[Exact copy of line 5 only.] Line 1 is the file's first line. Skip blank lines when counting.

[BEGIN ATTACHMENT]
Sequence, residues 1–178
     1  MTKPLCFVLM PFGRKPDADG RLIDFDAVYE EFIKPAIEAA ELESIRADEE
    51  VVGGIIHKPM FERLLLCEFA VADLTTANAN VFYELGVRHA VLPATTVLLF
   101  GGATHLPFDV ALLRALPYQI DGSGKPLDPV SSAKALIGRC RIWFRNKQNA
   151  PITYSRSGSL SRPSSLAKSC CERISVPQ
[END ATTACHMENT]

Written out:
   151  PITYSRSGSL SRPSSLAKSC CERISVPQ